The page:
high voltages transmission

The need for electric power is increasing day by day throughout the world and in most countries, it is doubling every five to eight years. In some countries, excellent hydropower sites are available but at a far distance from the load centers. The thermal power plants are also required to be located near the coalfields, in order to avoid pollution – hazards and also from economic considerations, which are also at large distances from the load centers. Though the location of nuclear power stations is somewhat flexible the general practice is to site them far away from large cities and thickly populated areas. All these problems involve the transmission of large amounts of power over long distances, which can be done most economically only by using high voltages (or simply HV). In excess voltage of 230 kV fall in this category.

In 1952, Sweden successfully commissioned a 380 kV, 960 km long single circuit line transmitting 400 MW power. This event set the trend of adoption of still higher voltages.

In the world including our country nowadays many H.V. a.c. lines are in operation. In India, the first 400 kV transmission line from Obra to Sultanpur and 400 kV substation at Sultanpur (UP) was commissioned in December 1977. Many other 400 kV transmission lines and substations are under construction in our country.

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High Voltage D.C. Transmission

In the initial stages d.c. used to be a recruit for generation, transmission, and distribution of electric power. With the introduction of transformers and the 3 phase A.C. system the situation changed in favor of A.C., especially where the electric energy is generated from water the power which is usually available far from the load centers. For other many reasons, such as facility of the transformation of voltages from one value to another value, better performance of A.C. motors and superiority of A.C.generators in comparison to D.C. generators, the electric power was generated, transmitted, distributed, and utilized in the form of Alternating Current. The supporters of D.C. Although did not forget the advantages of D.C. transmission and extensive research has been carried out in this field and as a result, it has staged a sort of come – back to the field of electric power transmission at high a high D.C. voltage. Developments in the design of mercury arc rectifiers and silicon controlled rectifiers made H.V. D.C. transmission all the more feasible and attractive, through the generation and distribution still continue to be carried out by A.C.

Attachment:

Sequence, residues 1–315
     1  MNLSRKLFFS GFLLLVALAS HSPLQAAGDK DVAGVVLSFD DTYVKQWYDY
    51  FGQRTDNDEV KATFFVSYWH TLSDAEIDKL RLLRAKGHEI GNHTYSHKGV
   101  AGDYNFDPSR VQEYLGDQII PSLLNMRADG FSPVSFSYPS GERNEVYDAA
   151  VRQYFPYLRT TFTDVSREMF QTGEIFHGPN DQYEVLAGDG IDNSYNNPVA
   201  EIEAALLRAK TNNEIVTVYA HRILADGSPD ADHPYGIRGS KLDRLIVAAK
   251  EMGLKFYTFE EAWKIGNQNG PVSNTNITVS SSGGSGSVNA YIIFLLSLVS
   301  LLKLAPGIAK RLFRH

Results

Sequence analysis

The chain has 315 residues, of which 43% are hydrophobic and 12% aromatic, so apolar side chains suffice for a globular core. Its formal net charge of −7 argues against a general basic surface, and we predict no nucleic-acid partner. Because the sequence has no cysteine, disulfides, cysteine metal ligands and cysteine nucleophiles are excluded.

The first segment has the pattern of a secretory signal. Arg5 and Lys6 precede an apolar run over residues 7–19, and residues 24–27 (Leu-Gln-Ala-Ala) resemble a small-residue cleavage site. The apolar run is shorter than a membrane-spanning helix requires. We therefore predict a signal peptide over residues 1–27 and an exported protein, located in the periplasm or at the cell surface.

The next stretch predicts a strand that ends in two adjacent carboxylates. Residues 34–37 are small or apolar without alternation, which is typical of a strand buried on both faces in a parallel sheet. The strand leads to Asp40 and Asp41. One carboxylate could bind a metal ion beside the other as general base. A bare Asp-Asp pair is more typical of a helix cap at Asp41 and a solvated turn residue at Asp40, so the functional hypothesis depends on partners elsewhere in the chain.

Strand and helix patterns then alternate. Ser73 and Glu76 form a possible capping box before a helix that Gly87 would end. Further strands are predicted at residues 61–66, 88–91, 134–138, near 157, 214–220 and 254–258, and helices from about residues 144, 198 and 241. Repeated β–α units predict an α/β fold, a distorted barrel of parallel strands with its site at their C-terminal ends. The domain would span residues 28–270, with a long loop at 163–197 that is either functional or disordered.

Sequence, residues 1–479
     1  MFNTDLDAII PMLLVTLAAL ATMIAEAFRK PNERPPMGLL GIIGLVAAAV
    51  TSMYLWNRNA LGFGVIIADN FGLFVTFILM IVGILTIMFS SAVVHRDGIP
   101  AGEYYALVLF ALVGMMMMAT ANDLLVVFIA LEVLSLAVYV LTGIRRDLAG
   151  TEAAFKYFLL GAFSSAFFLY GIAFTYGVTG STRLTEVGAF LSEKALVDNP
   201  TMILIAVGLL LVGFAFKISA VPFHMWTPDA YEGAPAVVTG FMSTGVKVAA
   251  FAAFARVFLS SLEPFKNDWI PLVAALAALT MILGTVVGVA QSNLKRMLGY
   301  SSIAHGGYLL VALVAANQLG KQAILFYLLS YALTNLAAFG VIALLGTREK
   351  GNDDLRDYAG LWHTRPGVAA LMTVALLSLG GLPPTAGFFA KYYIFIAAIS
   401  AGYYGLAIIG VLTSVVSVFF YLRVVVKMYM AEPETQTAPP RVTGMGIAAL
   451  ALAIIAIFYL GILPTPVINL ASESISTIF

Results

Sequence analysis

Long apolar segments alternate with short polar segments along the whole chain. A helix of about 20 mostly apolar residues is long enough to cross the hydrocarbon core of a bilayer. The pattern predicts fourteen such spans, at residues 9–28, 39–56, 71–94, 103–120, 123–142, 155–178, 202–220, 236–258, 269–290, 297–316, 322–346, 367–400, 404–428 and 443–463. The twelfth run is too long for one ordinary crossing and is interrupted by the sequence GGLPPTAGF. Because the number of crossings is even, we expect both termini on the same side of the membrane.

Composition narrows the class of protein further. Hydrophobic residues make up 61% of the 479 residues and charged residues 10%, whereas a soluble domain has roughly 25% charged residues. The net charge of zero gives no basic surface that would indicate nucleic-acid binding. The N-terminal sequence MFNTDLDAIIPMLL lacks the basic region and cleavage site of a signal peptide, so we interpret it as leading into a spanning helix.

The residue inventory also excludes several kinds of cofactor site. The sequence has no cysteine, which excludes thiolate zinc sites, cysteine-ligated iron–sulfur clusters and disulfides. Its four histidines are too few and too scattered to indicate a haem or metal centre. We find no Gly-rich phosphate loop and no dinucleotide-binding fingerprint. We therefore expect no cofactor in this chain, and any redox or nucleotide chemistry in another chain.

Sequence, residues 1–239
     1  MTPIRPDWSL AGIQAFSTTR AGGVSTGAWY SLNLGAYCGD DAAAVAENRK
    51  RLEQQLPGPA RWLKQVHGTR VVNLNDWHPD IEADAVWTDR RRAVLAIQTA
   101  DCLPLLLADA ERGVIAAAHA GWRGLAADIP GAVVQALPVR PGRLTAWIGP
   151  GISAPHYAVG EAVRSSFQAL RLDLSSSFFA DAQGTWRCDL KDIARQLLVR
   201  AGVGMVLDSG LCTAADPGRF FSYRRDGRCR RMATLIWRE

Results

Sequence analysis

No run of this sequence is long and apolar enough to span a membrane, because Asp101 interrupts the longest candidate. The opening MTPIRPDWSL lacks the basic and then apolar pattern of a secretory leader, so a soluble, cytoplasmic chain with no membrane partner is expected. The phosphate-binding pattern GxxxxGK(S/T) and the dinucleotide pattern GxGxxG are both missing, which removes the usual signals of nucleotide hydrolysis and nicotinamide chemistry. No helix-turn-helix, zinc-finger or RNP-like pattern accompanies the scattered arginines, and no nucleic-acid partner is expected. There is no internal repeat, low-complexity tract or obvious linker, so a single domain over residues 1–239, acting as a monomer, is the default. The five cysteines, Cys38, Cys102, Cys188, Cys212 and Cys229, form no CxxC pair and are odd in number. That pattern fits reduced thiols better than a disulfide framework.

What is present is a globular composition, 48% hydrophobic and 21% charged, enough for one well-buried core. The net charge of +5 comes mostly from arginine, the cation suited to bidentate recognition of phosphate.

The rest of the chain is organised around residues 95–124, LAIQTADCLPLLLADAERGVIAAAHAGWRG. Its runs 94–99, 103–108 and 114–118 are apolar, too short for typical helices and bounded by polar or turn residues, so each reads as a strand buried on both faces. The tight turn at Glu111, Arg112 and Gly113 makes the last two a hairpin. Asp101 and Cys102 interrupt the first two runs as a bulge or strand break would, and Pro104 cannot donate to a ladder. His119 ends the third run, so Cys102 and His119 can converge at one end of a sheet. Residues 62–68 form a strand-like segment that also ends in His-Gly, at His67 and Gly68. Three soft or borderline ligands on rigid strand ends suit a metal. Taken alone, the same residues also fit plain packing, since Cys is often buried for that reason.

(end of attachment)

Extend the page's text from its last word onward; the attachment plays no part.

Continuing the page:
H.V. d.c. transmission systems are classified as follows:

(i) Two – pole, one – wire

(ii) Two – pole, two-wire

(iii) Three – pole, three-wire

Standard voltages are 100, 200, 300, 400, 600 and 800 kV for both two poles and three – pole transmission.

The advantages and limitations of H.V. d.c. the transmission system is given below:

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Advantages:

1.  Cheaper in Cost: It requires only two conductors for transmission and it is also possible to transmit the power through only one conductor by using earth as returning conductor while a.c. the system requires 3 conductors.

2.   Lesser – Insulation Requirement: The potential stress on the insulation in case of d.c. the system is 1 / root 2 times of that an a.c. system for the same operation voltages. Hence for the same operating voltage, less insulation is required.

3.   Simpler and Cheaper Tower Designs: Because of lesser load on the supporting structures, tower designs are simpler and cheaper.